Shang-Chi: New Faces, New Successes

Photo courtesy of Marvel Studios

With the return of movies in theatres, Marvel braved the new frontier during Labor Day Weekend with their latest superhero movie, “Shang-Chi: The Legend of the Ten Rings.” As the newest superhero to join the Marvel Cinematic Universe, Shang-Chi, played by Simu Liu, is another step in the right direction for the franchise’s increasing efforts for diversity, and simply put, an incredibly good movie. With the combined force of director Dustin Daniel Cretton’s creative vision and stand out roles from both the leads and secondary characters, the roughly two-hour runtime is jam packed with the action, humor and lighthearted fun that Marvel has become known for. 

For many new fans only familiar with the characters they’ve seen on the big screen, Shang-Chi was an untapped character compared to household names like Iron Man or Captain America. While this was worrying for box office predictions, with fans speculating it would be Marvel’s first big flop in recent years, the movie itself aimed to soothe those feelings of unfamiliarity with the flawless use of flashbacks and cut-scenes integrated throughout. The classic villain origin story for Shang-Chi’s father, Xu Wenwu, played by internationally acclaimed Tony Leung, had the audience hooked from the beginning as it dove into the true legend of the Ten Rings, both the item and the organization, that perfectly set up the plot and expectations for what was to come. 

With this unfamiliarity, Marvel also chose to bring back previously established characters throughout the movie who  helped keep the audience in the loop and to effortlessly integrate Shang-Chi as the newest Avenger. Doctor Strange’s Wong was a continuous familiar face from beginning to end, but the real star was Ben Kingsley’s role as Trevor Slattery. Kingsley was first introduced into the MCU in “Iron Man 3” as the actor hired by Aldrich Killian to portray the Mandarin in an attempt to cripple various governments, meaning, Kingsley was merely a prop for the real villain of the story. While Kingsley’s character was eventually revealed to be oblivious to his role in a terrorist cover-up all along, it did introduce possibilities of the real Ten Rings for the franchise as early as 2013. “Shang-Chi: The Legend of the Ten Rings” took the brilliant opportunity to continue Kingley’s character, who’s comedic timing and ditzy role added another layer of the classic Marvel humor we’ve all become accustomed to.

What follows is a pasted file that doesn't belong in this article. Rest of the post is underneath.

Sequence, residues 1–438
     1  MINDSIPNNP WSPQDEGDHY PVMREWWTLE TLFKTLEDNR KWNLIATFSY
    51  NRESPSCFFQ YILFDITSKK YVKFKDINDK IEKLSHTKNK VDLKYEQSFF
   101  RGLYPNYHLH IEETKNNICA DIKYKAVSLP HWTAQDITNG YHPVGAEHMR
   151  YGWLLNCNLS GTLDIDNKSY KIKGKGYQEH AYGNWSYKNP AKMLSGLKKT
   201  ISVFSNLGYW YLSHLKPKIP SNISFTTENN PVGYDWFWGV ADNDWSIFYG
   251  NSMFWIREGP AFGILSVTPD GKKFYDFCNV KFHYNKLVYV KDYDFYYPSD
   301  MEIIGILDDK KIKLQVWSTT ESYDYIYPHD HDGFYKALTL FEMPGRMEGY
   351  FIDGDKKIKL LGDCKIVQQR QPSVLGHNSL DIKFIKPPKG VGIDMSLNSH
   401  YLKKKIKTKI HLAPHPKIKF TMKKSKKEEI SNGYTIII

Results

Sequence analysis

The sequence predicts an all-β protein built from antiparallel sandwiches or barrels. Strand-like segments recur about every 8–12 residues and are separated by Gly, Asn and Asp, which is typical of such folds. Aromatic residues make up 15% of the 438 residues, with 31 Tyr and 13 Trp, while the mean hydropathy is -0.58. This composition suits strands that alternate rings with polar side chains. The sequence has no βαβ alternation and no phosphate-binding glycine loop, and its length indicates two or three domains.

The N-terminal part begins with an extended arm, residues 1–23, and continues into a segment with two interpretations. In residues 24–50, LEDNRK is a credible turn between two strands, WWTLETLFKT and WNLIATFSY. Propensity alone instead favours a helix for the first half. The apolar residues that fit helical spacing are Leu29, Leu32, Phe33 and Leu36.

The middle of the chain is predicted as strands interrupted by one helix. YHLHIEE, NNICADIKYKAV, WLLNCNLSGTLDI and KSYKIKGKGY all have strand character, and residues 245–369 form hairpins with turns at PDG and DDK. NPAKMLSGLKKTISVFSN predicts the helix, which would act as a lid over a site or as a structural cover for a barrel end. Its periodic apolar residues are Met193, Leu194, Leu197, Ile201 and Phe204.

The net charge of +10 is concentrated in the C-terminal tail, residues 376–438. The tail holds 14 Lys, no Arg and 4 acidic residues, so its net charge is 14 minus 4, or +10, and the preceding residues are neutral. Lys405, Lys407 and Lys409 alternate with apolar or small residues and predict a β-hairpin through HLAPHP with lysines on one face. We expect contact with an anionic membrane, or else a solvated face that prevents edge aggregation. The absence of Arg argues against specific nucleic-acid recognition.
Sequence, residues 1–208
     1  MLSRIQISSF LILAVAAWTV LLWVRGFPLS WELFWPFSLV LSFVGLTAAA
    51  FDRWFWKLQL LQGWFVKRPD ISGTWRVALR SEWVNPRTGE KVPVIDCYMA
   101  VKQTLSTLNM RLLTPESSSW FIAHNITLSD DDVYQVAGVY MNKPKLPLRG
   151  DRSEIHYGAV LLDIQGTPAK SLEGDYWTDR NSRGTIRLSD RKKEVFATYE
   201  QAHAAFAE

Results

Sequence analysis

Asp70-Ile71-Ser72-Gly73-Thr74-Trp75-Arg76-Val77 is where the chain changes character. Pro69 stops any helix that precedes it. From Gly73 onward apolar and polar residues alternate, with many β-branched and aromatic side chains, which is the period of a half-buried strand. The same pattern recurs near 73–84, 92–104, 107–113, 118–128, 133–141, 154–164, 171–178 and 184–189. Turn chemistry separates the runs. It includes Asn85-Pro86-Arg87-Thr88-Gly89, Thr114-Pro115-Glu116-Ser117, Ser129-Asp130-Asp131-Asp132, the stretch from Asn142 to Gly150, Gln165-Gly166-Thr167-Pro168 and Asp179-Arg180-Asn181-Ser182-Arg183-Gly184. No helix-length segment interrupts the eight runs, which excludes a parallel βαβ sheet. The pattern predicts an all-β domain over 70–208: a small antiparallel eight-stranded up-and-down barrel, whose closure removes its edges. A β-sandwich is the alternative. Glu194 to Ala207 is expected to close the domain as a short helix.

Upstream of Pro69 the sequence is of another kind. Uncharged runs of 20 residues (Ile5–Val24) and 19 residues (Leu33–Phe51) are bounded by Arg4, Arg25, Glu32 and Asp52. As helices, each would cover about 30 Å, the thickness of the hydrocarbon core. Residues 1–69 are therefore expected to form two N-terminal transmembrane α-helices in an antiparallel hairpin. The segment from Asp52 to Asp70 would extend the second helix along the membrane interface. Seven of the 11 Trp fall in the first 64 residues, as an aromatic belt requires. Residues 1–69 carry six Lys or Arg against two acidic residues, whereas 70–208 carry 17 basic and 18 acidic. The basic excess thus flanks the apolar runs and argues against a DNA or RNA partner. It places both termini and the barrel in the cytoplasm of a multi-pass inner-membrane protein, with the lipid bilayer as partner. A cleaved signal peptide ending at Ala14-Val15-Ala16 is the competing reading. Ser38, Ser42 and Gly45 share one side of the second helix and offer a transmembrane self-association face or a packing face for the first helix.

The stand-out performances from the side characters were impressive, but it quickly became clear that Simu Liu’s presence on the big screen is as humorous and dorky as he is on Twitter. When paired with Awkwafina’s role as the quirky sidekick Katy, the duo has so much chemistry that it’s impossible to not love their karaoke and driving-filled antics. Even when given the perfect opportunity to give the two characters a stereotypical friends-to-lovers arc at the end, especially with the final scene in Tao Lo, it was refreshing to see two characters simply strengthen their already irreplaceable bond. The casual ribbing and mutual bad decisions make them a great pair, and based on their last karaoke adventure with Wong, hopefully they’ll keep that dynamic in later movies as well.   

Putting the performances aside, the movie was incredibly well done. The fight scenes, paired with the beautiful and interwoven score, were more similar to well choreographed dances than actual fighting, and the use of weapons, such as Xu Xialing’s rope dart, was awe inspiring. The costumes were another added feature to the use of culture and detail to the mythology behind the story of Tao Lo, giving the village an added feel of originality instead of the pick-and-choose mentality many new movies have with aspects of various Asian cultures.

In terms of representation and what “Shang-Chi: The Legend of the Ten Rings” means for the Asian-American community, Marvel successfully created a well-rounded character and plot that both combated previous portrayals of stereotypes and has quickly become a beloved fixture on the internet. The script and plot didn’t make Shang-Chi’s Asian heritage his only notable character trait like so many films and shows have done before, but instead allowed it to be another nuance that gave the story depth and complexity amidst a rising call for more representation in franchised media. Shang-Chi rivals Black Panther in the shifting social commentary for Marvel, and with his new status as an Avenger, it’s come to be expected that the company continues on that route. The objective box office and rating success from both critics and audience members alike speak to greater and newer things in the franchise’s future, adding more hype for upcoming movies like “Eternals” and “Spider Man: No Way Home.”